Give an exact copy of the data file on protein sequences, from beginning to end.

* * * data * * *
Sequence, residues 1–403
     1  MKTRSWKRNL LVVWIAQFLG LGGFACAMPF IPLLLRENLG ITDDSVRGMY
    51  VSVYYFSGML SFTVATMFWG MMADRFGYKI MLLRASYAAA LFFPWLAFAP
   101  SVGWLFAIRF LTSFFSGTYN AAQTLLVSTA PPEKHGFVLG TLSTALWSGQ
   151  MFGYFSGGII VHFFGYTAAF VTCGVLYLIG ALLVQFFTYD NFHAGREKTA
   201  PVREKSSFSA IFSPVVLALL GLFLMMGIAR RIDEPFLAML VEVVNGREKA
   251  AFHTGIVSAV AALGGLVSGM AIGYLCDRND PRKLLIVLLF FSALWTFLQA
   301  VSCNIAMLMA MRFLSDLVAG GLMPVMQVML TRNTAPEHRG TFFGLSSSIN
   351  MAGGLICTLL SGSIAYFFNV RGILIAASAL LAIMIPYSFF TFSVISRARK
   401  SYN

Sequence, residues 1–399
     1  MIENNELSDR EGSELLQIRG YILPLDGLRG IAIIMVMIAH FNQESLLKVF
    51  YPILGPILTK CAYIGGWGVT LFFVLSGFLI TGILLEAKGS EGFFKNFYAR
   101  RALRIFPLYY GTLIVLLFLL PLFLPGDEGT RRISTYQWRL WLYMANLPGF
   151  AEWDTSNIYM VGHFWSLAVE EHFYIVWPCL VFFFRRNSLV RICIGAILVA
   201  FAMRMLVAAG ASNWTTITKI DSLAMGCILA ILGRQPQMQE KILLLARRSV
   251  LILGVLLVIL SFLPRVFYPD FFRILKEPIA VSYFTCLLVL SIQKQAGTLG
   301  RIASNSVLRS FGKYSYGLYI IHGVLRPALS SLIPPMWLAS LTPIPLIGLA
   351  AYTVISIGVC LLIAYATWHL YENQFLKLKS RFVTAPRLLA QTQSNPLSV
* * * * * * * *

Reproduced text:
Sequence, residues 1–403
     1  MKTRSWKRNL LVVWIAQFLG LGGFACAMPF IPLLLRENLG ITDDSVRGMY
    51  VSVYYFSGML SFTVATMFWG MMADRFGYKI MLLRASYAAA LFFPWLAFAP
   101  SVGWLFAIRF LTSFFSGTYN AAQTLLVSTA PPEKHGFVLG TLSTALWSGQ
   151  MFGYFSGGII VHFFGYTAAF VTCGVLYLIG ALLVQFFTYD NFHAGREKTA
   201  PVREKSSFSA IFSPVVLALL GLFLMMGIAR RIDEPFLAML VEVVNGREKA
   251  AFHTGIVSAV AALGGLVSGM AIGYLCDRND PRKLLIVLLF FSALWTFLQA
   301  VSCNIAMLMA MRFLSDLVAG GLMPVMQVML TRNTAPEHRG TFFGLSSSIN
   351  MAGGLICTLL SGSIAYFFNV RGILIAASAL LAIMIPYSFF TFSVISRARK
   401  SYN

Sequence, residues 1–399
     1  MIENNELSDR EGSELLQIRG YILPLDGLRG IAIIMVMIAH FNQESLLKVF
    51  YPILGPILTK CAYIGGWGVT LFFVLSGFLI TGILLEAKGS EGFFKNFYAR
   101  RALRIFPLYY GTLIVLLFLL PLFLPGDEGT RRISTYQWRL WLYMANLPGF
   151  AEWDTSNIYM VGHFWSLAVE EHFYIVWPCL VFFFRRNSLV RICIGAILVA
   201  FAMRMLVAAG ASNWTTITKI DSLAMGCILA ILGRQPQMQE KILLLARRSV
   251  LILGVLLVIL SFLPRVFYPD FFRILKEPIA VSYFTCLLVL SIQKQAGTLG
   301  RIASNSVLRS FGKYSYGLYI IHGVLRPALS SLIPPMWLAS LTPIPLIGLA
   351  AYTVISIGVC LLIAYATWHL YENQFLKLKS RFVTAPRLLA QTQSNPLSV